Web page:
We each took turns using each tool within the different group and kept track of the amount of energy that was most used around the office. It was probably the phone, the window, and the computer that was the hottest. After these activities we all came back together and talked about what we observed and learned throughout the day.
Day Three: Energy and Communication/Community
July 26, 2017
Hey everyone, Jasmine again. I am writing this blog about my third day project with the county to work towards being consciously aware of our energy usage and impact on our world. Our goal for today was to understand that energy decisions are influenced by economic, political, and environmental, and social factors. We also learned about the basics of community based social marketing and how that plays a role in the outreach that cities, counties, and state agencies do. By the end of the week, we were asked to come up with a plan on how to do outreach to a specific audience in Rockville.
Another day joining with the rest of the young volunteers. Everyone was eating and chatting about what we learned yesterday when Ms. Johnson came back and told us we were doing another game outside.
We all went outside and play a new game called Ro Sham Bo Evolution, another version of Rock Paper Scissors. In this game, we started as an egg and once we won, we became a chicken and then when we beat another chicken, we became a Rockstar and then a superhero. It was a quick game, I wish it could’ve last longer but it was still fun!
After the game, we walked back to the Department of Environmental Protection to learn more about communicating with the public.
Before we went over the findings from the energy audit, Ms. Johnson talked to us about what Marylanders think about energy and how the County communicates with the public through My Green Montgomery stories.
Then we started discussed what we saw while doing the energy audits with Ms. Erica and Ms. Dianne. I volunteered to write on the white board and we made a list of the things we noticed during the energy audits. We were trying to determine what the common themes were. For instance, a lot of people left lights on when they weren’t in their offices. Some people left their chargers plugged in even when they weren’t charging anything and a lot of people have personal coffee makers on their desks but don’t use them that much.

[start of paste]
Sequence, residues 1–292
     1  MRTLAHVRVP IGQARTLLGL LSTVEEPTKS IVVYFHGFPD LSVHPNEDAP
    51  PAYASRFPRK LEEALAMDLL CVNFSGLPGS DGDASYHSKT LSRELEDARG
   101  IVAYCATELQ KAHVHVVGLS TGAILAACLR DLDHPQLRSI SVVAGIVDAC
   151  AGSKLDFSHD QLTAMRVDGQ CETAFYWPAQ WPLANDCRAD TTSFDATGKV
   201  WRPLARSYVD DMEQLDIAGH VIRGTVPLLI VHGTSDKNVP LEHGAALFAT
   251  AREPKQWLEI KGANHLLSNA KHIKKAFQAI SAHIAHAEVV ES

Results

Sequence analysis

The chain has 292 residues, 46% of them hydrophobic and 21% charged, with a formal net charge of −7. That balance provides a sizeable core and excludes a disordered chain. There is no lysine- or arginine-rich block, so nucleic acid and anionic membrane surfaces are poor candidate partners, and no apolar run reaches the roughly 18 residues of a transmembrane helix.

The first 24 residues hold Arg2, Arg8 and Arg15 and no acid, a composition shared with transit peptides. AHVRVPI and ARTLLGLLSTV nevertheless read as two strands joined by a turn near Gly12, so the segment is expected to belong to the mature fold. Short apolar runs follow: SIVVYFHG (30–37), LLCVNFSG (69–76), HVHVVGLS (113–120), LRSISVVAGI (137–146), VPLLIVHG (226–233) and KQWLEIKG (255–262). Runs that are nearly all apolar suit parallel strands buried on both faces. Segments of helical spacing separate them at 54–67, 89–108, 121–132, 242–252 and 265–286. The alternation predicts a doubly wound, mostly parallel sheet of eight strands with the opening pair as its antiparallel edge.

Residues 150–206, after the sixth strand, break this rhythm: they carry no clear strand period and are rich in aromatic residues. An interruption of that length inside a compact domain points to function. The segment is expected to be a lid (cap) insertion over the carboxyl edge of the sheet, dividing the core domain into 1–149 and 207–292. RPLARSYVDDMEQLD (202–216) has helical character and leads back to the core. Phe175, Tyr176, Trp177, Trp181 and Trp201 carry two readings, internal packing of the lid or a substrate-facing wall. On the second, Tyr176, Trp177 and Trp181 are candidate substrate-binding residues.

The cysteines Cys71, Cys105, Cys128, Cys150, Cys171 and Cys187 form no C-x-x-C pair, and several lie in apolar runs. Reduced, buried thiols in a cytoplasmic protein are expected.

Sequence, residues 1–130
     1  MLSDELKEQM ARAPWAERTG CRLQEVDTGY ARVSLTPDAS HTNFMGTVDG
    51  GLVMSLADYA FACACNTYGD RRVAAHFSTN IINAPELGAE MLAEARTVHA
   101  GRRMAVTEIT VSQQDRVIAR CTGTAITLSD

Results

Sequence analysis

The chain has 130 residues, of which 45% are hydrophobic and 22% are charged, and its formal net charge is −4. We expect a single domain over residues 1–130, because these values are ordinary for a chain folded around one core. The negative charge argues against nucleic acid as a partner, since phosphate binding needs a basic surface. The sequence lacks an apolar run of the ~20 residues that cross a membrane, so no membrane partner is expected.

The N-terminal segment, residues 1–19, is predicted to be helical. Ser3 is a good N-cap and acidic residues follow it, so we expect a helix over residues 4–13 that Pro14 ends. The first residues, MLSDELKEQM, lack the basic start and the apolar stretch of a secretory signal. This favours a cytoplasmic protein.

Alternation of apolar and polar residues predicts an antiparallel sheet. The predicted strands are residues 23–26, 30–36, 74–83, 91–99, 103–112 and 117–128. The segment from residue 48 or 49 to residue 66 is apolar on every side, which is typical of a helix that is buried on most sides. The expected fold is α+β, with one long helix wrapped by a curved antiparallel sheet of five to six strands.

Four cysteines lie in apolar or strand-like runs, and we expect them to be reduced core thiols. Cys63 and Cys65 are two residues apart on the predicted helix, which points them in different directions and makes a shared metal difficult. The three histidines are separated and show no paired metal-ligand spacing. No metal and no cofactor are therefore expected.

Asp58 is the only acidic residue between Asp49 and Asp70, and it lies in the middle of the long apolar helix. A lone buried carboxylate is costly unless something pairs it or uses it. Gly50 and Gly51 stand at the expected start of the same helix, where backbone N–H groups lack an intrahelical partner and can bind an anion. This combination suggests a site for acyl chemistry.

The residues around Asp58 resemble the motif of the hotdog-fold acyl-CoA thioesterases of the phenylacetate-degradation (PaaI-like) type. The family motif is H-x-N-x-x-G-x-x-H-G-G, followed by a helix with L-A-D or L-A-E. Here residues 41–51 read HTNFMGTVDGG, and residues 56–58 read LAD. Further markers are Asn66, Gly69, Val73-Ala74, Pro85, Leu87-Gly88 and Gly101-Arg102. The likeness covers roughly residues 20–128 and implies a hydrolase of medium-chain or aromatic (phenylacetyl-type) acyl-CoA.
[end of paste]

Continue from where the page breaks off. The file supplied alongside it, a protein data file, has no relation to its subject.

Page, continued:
We watched a video some videos about Behavior Change and Community Based Social Marketing (CBSM) and then we used the principals of CBSM to determine what audiences, messages, barriers, and benefits would help us with an outreach campaign for the City, the County, and especially for teens.
One of our suggestions was for us to become the “energy police” where we would go around to different offices and issue citations and warning for people who are using too much energy. That was one of the best ideas. We wrote down our main ideas that could work to convince others to save energy. Then we split into three different groups to focus on different tactics, one group worked to create a meme, one worked on creating a competition for City employees, and one worked on finding a quote or a saying to remind a person to turn off everything when they leave a room.
After we presented our ideas to each other, a new guest, Reuven Walder from ecobeco and a member of the Montgomery County Energy and Air Quality Advisory Committee came to talk to us about things we can do in our homes. He told us about what he does for a living, that he helps people reduce their energy usage. He also talked about the components of the Quick Home Energy Checkup, something that he encouraged us all to get.
Today I learned how to make changes that can help everyone save energy. We learned how to get people to do things we want them to do by trying to understand the target audience. I learned how to use positive reinforcement. We learned different tools that can help me encourage people to do better things. Some of those tools the help save energy are prompts, commitment, and norms.
Click here to read Jasmine’s third and final blog post in this series about “Source to Socket: Learning the FUNdamentals of Energy Literacy.”